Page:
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Isolation Requirements and Personal Protective Equipment in the COVID-19 Pandemic

Rabold, Erica MD; Rovnan, Helene DO, MPAS; DuMont, Tiffany DO

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doi: 10.1097/CNQ.0000000000000326
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SARS-CoV-2 is an RNA virus that has only recently been found to infect humans. Its name was given after the severe acute respiratory syndrome (SARS) virus, named SARS-CoV, when genome sequencing showed great likeness between the 2 pathogens. The similarities are also beneficial in predicting how this pathogen behaves and spreads and in developing strategies to minimize the incidence.1 The disease that is caused by SARS-CoV-2 is referred to as COVID 19, which stands for coronavirus disease 2019. In this article, we explore isolation requirements for patient with COVID-19 in the health care settings, the appropriate use of personal protective equipment (PPE), safe handling of patient-shared supplies and equipment, and the current challenges faced with PPE shortages.


Minimal studies have been done to date on the modes of transmission of SARS-CoV-2. A recently published correspondence evaluated the stability of both SARS-CoV-1 and -2 in aerosolized forms and in the form of droplet on various surfaces and found that SARS-CoV-2 remains viable in aerosols for at least 3 hours and for 72 hours on surfaces such as plastic. The findings were similar for both CoV-1 and -2 viruses.2 Based on these findings, the viruses' numerous similarities in genetics and symptoms, it is reasonable to postulate that for infectious purposes they are likely to behave similarly. Similar infection prevention measures used for SARS should be implemented in hopes to mitigate the spread of COVID-19. Like for SARS, patients diagnosed with COVID-19 should be placed on standard isolation precautions plus droplet or airborne according to the clinical setting.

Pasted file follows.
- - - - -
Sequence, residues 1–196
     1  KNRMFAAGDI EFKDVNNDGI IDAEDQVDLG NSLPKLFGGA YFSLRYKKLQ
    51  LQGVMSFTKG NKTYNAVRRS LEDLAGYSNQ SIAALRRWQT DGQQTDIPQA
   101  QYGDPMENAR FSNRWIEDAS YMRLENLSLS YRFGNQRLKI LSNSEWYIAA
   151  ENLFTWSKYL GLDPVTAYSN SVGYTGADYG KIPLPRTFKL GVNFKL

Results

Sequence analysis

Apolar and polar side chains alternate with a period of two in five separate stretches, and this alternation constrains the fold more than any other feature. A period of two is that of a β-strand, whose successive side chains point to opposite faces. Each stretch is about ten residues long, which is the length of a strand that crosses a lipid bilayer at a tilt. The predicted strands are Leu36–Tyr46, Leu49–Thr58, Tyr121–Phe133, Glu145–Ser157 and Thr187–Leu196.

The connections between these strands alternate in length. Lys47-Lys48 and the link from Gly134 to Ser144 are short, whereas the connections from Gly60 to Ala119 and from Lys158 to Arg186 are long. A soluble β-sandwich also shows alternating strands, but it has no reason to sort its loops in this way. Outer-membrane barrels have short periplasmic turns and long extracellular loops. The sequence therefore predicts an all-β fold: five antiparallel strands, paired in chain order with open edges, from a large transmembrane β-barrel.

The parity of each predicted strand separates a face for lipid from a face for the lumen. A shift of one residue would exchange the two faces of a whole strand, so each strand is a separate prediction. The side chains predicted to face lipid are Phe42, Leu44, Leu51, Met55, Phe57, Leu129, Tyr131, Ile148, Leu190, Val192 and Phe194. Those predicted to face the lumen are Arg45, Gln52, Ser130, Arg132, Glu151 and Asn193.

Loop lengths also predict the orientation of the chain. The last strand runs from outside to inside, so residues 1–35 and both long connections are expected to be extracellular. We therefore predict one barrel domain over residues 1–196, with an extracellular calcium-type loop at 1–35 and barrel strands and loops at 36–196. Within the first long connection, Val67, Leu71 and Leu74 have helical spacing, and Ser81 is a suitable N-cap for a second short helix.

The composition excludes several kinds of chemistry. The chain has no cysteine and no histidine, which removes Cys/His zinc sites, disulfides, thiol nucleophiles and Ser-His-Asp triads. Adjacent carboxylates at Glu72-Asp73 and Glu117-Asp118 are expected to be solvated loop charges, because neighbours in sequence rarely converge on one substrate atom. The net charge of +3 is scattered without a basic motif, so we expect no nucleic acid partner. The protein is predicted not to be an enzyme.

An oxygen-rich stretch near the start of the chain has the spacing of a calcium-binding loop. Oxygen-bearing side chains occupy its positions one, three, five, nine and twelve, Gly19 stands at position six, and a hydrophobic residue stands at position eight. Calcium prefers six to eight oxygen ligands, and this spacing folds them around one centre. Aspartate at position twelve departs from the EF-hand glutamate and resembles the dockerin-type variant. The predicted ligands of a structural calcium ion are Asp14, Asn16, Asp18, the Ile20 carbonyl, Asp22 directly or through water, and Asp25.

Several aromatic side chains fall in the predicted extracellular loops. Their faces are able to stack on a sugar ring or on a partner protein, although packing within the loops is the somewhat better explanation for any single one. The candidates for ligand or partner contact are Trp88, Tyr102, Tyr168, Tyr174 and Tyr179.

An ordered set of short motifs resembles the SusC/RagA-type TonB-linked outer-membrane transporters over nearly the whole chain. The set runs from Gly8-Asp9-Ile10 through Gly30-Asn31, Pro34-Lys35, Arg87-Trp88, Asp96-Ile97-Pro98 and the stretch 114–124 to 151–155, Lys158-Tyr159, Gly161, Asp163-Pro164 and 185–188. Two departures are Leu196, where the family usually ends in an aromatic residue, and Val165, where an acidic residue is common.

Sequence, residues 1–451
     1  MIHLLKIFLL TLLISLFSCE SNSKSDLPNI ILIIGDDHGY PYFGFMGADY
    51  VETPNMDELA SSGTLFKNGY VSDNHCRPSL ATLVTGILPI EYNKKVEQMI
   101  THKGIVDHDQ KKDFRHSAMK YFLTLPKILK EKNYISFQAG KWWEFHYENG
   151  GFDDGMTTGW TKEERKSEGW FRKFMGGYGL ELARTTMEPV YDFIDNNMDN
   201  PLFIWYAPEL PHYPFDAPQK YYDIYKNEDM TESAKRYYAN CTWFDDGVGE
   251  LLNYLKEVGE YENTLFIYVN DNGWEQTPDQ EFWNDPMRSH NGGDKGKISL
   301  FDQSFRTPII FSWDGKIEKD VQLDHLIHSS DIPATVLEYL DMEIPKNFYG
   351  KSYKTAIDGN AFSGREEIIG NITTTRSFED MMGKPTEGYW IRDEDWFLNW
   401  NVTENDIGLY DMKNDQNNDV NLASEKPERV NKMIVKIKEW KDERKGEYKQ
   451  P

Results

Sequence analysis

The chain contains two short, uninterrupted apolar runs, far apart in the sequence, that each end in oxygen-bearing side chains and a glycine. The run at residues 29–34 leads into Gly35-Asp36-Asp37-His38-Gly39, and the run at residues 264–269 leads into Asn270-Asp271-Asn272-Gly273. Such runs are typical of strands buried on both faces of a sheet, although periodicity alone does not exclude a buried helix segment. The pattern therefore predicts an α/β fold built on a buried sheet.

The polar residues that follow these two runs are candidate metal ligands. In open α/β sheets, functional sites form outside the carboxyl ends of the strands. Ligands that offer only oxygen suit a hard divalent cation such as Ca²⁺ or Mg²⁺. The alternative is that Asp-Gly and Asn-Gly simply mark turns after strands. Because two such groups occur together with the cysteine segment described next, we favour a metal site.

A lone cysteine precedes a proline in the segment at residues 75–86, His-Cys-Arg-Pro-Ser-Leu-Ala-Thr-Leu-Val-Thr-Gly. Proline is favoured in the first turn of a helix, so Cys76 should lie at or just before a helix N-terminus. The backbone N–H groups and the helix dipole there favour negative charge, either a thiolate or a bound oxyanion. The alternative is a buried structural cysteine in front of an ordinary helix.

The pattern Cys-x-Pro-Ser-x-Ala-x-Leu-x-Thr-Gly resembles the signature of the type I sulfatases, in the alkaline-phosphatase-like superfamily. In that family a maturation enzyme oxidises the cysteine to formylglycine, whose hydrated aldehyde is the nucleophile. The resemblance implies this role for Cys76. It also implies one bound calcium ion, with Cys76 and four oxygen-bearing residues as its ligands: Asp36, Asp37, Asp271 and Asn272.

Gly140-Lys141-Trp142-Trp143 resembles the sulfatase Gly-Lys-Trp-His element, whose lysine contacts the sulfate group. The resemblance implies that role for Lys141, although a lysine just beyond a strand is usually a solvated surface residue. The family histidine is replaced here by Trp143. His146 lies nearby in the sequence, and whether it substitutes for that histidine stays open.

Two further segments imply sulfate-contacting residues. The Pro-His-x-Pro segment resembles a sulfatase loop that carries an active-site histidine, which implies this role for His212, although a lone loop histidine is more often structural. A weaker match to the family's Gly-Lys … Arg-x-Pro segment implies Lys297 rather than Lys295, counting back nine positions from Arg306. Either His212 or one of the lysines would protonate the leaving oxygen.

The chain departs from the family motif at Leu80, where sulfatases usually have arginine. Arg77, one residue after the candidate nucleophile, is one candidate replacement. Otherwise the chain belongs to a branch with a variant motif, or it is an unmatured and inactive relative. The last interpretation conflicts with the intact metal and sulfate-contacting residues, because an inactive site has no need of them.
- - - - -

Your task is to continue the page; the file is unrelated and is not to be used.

Health care workers (HCWs) should always observe the principle that all secretions, body fluids, blood, excretions, skin, and mucous membranes may contain infectious agents. As such, even in patients with no known active infection, a minimum of hand hygiene and/or use of gloves and safe injection practices should always be implemented. Use of gowns, masks, and eye protection should also be considered depending on the anticipated exposure.

Unfortunately, it is recognized that for some pathogens, the routes of transmission may not be interrupted by using standard precautions alone and this applies for COVID-19.

Contact precautions are used when pathogens are recognized to spread by direct or indirect contact with patients and their environment. They also apply when the circumstance suggest increased risk of infection, that is, patient with suspected Clostridium difficile infection and diarrhea. Patients should be placed in single rooms, and HCWs entering the rooms should don gowns and glove upon entering the room and doffing before exiting to contain pathogens.3 HCWs should also wash their hands before leaving the room with soap and water in cases of C difficile infection.

Droplet precautions